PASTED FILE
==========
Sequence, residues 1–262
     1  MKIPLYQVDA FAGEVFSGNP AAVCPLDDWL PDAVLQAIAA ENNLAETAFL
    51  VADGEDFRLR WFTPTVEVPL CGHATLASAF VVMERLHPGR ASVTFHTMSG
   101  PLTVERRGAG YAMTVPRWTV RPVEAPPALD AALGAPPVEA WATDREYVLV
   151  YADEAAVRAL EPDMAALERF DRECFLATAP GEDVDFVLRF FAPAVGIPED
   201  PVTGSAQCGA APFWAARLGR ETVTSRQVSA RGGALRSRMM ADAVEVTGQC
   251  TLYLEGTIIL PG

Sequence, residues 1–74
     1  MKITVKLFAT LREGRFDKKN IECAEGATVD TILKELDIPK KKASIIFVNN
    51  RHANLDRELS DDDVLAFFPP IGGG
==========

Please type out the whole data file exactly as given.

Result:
Sequence, residues 1–262
     1  MKIPLYQVDA FAGEVFSGNP AAVCPLDDWL PDAVLQAIAA ENNLAETAFL
    51  VADGEDFRLR WFTPTVEVPL CGHATLASAF VVMERLHPGR ASVTFHTMSG
   101  PLTVERRGAG YAMTVPRWTV RPVEAPPALD AALGAPPVEA WATDREYVLV
   151  YADEAAVRAL EPDMAALERF DRECFLATAP GEDVDFVLRF FAPAVGIPED
   201  PVTGSAQCGA APFWAARLGR ETVTSRQVSA RGGALRSRMM ADAVEVTGQC
   251  TLYLEGTIIL PG

Sequence, residues 1–74
     1  MKITVKLFAT LREGRFDKKN IECAEGATVD TILKELDIPK KKASIIFVNN
    51  RHANLDRELS DDDVLAFFPP IGGG